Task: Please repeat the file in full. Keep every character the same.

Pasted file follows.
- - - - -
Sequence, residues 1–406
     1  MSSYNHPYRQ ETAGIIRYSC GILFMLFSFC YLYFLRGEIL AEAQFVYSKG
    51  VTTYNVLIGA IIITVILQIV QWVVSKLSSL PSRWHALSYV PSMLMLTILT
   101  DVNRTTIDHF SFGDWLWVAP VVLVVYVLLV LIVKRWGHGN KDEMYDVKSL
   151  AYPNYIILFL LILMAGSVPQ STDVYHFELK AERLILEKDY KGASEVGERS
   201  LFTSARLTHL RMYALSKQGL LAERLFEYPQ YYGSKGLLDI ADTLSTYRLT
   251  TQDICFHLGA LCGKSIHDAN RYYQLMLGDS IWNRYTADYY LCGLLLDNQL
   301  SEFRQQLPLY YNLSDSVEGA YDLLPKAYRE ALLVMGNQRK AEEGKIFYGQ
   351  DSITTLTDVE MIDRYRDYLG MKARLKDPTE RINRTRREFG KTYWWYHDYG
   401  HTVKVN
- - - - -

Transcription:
Sequence, residues 1–406
     1  MSSYNHPYRQ ETAGIIRYSC GILFMLFSFC YLYFLRGEIL AEAQFVYSKG
    51  VTTYNVLIGA IIITVILQIV QWVVSKLSSL PSRWHALSYV PSMLMLTILT
   101  DVNRTTIDHF SFGDWLWVAP VVLVVYVLLV LIVKRWGHGN KDEMYDVKSL
   151  AYPNYIILFL LILMAGSVPQ STDVYHFELK AERLILEKDY KGASEVGERS
   201  LFTSARLTHL RMYALSKQGL LAERLFEYPQ YYGSKGLLDI ADTLSTYRLT
   251  TQDICFHLGA LCGKSIHDAN RYYQLMLGDS IWNRYTADYY LCGLLLDNQL
   301  SEFRQQLPLY YNLSDSVEGA YDLLPKAYRE ALLVMGNQRK AEEGKIFYGQ
   351  DSITTLTDVE MIDRYRDYLG MKARLKDPTE RINRTRREFG KTYWWYHDYG
   401  HTVKVN